Project Seminar I:
Subcultures are created by doing something different than the norm and being unashamed to do so, despite opposition. During the early years of the the punk and alternative community, you didn’t usually see persons of color in the mix. Fast forward to the early 2000s, James Spooner, created a documentary entitled ‘Afropunk’ which highlighted people of color in the punk world, enjoying the music, fashion and liberal political ideals. After the documentary aired and the creation of the Afropunk site and music festival, media outlets were quick to jump on the bandwagon and report on the resurgence of pop culture’s “newest trend”. The irony of the ‘underground resurgence’ of blacks in punk culture is that punk and rock music got its roots from R&B, blues and gospel music which derived from early black culture. To me, there was never a resurgence. In my experience, there have always been people of color that didn’t listen to what they were “supposed to.” It may just have remained underground due to outside culture deeming hip-hop, rap and R&B being ‘black music’ and rock, punk and pop being ‘white music.’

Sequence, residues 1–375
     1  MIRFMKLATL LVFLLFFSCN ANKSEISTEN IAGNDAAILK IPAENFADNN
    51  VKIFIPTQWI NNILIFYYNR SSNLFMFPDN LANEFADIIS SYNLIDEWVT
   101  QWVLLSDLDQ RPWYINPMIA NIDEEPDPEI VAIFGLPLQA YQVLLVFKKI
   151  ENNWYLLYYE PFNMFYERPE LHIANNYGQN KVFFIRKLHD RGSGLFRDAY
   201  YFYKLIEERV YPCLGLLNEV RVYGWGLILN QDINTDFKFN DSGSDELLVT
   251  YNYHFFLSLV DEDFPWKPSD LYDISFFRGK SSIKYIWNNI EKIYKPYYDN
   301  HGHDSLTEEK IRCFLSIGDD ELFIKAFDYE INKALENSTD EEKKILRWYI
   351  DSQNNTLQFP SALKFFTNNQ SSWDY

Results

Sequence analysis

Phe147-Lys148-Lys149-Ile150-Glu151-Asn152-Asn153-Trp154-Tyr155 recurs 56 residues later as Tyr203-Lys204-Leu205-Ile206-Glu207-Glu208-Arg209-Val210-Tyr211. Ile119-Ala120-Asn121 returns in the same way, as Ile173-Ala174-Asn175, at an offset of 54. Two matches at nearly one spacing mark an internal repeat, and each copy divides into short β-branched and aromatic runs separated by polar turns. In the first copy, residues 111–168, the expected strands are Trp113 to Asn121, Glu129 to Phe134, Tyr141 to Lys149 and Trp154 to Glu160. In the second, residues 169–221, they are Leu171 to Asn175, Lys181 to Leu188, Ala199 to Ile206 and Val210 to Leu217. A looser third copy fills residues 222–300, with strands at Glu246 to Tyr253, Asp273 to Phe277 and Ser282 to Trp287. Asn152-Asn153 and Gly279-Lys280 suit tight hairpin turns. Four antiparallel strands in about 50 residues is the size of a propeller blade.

I have chosen the alternative fashion in the Afropunk movement as the theme for my series because of my introduction to the Afropunk festival and culture through the media in recent months. I loved how afrocentric the festival had come to be. At the same time I appreciated its roots in the punk culture, as well as how the two blend together in this community. I felt strongly about using my roots in the realm of fashion to do beautiful studio photographs of the range of hair colors, body modifications and clothing choices of those that are punk or alternative. I tried to pull out the personality of these individuals as well as their connection to the subculture, whether they identify as Afropunk, black alternative or neither. Overall, my series has educated and opened my eyes to a subculture that sparked my interest and has given me a community that I feel I could belong to.